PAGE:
If you’re bored of your office job, love climbing, travelling, and working as part of a team – tower climbing could be for you.
POD speaks to Craig Bytheway – who has been climbing in the telecommunications industry for over 6 years – about how to become a tower climber and why this career choice might be for you.
Who are tower climbers?
Tower climbers are professionals who can inspect, install, maintain, and repair telecommunications infrastructure on steel towers. Installation includes mounting dishes, radios and other tower equipment while in a climbing harness.
Individuals in this role work in a variety of environments including rooftop sites, towers and masts on greenfield sites or inner-city buildings. They must be equally adept working indoors or outdoors, in a variety of temperatures and weather conditions and sometimes at unsociable hours. Telecoms engineers will generally form part of a 2 or 3-man team reporting to a team leader. They will be required to communicate effectively and sensitively with site providers, landlords and members of the public. They should be comfortable working at heights and outdoors, in this physically demanding role.
Some of the duties a telecoms engineer will engage in are as follows:
- Carrying out antenna installation, alignment, optimisation and testing to network requirements
- Carrying out installation, earthing and termination of coax and fibre following manufacturers and operators’ installation specifications
- Carrying out installation and demonstrating the technical understanding of the key components of a wireless telecom site
- Using an Open, Short and Precision Load in the testing of cables and antenna systems for impedance and loss
Why should I become a tower climber?
“Becoming a tower climber has many benefits, not only is everyday a new challenge and exciting but you get to see the country and sometimes get to travel further afield to carry out work, places such as Jersey or the Hebrides islands to name a few.
Each structure you work on can be different and challenging but each has a view from the top that not many people can say they have seen. The work is hard but again very rewarding once completed.
You get to work and meet many people from all backgrounds which you wouldn’t usually and make many new friends.”
How do I become a tower climber?
“Firstly, is working at height for you?
This is a very small part of the job as big as it may seem. You need to know whether you would feel comfortable climbing then working on structures at various heights. The climb to the working height should be considered as part of your journey to work, once at the working height now the work begins. The job as a tower climber is extremely hard, physically and mentally and you need to be able to adapt to changing situations during your working day.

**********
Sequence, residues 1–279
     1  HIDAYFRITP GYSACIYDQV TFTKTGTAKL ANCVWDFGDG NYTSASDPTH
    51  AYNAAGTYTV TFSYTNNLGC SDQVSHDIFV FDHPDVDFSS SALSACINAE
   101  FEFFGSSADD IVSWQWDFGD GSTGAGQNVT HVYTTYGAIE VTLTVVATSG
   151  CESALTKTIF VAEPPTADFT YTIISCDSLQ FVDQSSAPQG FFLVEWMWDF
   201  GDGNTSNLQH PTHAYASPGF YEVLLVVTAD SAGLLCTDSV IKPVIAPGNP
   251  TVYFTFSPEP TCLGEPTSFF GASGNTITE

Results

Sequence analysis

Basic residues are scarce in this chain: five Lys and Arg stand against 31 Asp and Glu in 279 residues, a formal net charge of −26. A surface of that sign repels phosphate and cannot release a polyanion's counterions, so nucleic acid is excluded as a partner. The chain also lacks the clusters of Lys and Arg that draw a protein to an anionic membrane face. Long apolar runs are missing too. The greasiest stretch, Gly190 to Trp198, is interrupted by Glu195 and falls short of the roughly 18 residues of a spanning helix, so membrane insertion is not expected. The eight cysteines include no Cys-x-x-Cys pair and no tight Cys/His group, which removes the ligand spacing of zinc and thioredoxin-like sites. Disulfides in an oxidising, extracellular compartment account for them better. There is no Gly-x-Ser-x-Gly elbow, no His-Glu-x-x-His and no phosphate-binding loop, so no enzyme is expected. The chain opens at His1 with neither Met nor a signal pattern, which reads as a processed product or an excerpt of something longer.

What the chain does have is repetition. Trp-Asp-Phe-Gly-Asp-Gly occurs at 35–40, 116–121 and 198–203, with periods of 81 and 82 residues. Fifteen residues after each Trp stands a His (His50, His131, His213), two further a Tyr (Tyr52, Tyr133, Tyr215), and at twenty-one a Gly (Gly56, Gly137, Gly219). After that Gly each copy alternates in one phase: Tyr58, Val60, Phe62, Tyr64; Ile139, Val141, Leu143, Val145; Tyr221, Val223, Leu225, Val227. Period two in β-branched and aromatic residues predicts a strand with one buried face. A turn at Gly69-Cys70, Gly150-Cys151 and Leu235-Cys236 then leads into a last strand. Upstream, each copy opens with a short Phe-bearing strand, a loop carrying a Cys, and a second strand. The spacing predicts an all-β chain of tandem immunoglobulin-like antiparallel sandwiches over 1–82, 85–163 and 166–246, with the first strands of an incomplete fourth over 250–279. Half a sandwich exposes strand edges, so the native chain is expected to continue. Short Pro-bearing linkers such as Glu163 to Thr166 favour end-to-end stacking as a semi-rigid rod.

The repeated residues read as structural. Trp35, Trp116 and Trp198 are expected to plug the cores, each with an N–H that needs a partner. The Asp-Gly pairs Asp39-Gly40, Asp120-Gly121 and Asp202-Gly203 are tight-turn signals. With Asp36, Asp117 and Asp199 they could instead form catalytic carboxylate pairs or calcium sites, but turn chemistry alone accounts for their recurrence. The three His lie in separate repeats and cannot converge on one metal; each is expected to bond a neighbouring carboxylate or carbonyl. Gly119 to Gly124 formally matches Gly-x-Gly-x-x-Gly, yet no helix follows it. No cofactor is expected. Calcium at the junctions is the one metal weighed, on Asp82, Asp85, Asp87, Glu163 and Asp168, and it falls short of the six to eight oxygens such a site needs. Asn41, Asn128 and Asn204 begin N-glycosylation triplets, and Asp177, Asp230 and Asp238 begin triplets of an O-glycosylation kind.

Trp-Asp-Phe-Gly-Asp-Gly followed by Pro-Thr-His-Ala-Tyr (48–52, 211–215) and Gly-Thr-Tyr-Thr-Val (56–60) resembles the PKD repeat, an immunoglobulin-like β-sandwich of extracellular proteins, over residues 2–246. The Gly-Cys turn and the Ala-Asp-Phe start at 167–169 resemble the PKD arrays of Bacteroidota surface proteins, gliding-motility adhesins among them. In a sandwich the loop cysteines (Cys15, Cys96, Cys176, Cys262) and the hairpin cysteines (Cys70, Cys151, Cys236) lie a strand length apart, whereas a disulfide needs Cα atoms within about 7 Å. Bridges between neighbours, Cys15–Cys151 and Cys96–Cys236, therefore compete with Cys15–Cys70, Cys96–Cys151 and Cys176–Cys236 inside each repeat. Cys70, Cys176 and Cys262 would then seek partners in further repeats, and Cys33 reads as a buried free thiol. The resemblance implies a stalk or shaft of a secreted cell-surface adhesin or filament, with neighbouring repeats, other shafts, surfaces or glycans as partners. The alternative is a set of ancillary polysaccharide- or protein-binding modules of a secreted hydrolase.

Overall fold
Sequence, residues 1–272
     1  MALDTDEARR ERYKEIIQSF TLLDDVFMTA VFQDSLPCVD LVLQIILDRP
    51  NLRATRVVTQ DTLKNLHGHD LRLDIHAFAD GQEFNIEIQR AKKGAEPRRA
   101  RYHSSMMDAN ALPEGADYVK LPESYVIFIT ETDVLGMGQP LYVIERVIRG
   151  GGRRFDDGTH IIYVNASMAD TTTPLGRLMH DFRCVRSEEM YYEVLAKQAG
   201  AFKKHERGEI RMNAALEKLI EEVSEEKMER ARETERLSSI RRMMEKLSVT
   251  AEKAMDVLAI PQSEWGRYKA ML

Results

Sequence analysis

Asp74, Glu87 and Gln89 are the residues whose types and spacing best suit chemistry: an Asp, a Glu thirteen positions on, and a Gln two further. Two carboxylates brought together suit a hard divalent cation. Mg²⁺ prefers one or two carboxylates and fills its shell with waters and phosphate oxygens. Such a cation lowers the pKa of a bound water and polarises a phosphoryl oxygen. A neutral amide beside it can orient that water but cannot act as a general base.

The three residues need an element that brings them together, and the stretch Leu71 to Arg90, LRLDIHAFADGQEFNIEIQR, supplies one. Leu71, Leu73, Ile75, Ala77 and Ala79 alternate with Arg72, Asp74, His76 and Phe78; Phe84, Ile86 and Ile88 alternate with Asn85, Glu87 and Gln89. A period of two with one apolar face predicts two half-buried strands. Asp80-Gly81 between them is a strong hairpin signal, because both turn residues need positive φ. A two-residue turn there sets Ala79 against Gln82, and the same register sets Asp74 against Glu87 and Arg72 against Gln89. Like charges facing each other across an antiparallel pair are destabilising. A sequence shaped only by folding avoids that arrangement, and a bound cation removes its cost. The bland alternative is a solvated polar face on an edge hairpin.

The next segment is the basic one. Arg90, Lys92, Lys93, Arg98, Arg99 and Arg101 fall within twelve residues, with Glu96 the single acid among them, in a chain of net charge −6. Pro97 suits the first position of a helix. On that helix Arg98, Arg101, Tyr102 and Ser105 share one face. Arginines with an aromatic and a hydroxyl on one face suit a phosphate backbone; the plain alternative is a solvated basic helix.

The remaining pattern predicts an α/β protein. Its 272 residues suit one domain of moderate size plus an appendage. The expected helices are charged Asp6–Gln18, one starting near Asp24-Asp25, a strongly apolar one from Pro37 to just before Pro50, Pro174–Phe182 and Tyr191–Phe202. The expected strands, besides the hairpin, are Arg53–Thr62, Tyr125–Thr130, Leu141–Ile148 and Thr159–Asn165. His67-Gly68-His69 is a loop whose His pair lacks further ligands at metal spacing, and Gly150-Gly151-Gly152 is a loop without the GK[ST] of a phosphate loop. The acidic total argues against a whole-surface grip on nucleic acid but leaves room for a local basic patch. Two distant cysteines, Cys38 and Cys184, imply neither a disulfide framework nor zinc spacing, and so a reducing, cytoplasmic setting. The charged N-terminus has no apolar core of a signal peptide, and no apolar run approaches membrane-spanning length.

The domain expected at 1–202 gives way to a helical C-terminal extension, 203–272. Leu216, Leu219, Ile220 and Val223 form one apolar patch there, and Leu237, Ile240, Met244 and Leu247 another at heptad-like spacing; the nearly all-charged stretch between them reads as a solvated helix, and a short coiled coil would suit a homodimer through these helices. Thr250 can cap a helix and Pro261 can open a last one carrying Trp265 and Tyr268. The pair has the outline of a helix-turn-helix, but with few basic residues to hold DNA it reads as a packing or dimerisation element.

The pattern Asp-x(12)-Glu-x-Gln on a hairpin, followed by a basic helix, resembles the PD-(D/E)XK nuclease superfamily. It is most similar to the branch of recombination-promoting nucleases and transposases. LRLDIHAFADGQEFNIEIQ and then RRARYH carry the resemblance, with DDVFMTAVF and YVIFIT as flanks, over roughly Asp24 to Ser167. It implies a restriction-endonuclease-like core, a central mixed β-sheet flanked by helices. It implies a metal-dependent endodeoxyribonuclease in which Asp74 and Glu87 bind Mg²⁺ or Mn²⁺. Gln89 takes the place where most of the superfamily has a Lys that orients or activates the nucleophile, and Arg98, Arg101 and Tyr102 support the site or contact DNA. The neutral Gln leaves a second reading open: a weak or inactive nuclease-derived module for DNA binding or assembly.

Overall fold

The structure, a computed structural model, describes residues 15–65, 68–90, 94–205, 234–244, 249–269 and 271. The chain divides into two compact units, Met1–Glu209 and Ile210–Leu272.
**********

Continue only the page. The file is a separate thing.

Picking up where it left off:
If you believe this is still for you then give it a go. Commitment and hard work will pay off in this industry and can be very rewarding. Find a company that encourages new-starts and has good company policies, then show your commitment and hard work within your gang and you won’t go far wrong.”
Tower climber vacancies can come under the following names:
- Wireless Communications Rigger
- Field/Climbing Technician
- Telecommunications Rigger
- Tower Technician
These positions typically require knowledge of the following:
- Core transmission technologies e.g. DWDM and Ethernet
- Fibre and copper cabling and termination
- Multi-Vendor CPE and Unified Communications
- Mobile networking technologies 3G/4G/5G and associated equipment
- Microwave Radio
- PC skills (IT Literacy)
A valid UK / EU driving license (Category B) is usually required for these positions, as technicians work remotely and require access to areas without public transportation.
There are very few apprenticeship schemes in the telecoms industry. POD Training was lucky enough to host one of the first apprentice groups for their Wireless Communications Rigger apprenticeship.
This apprenticeship lasts for 18 months, and consists of two weeks initial training at POD Training before going out into the field, learning from experienced telecoms engineers, and returning for a further 5 weeks in week-long blocks at POD Training
What qualifications will I need?
I started my career 6 years ago at 27 years old. When I left school I become a carpenter, I wanted a new challenge and knew people in this industry and made the leap. I haven’t looked back since and wish I did it sooner. The type of person that will make a good tower climber will have a positive attitude towards work and the willingness to progress within the industry.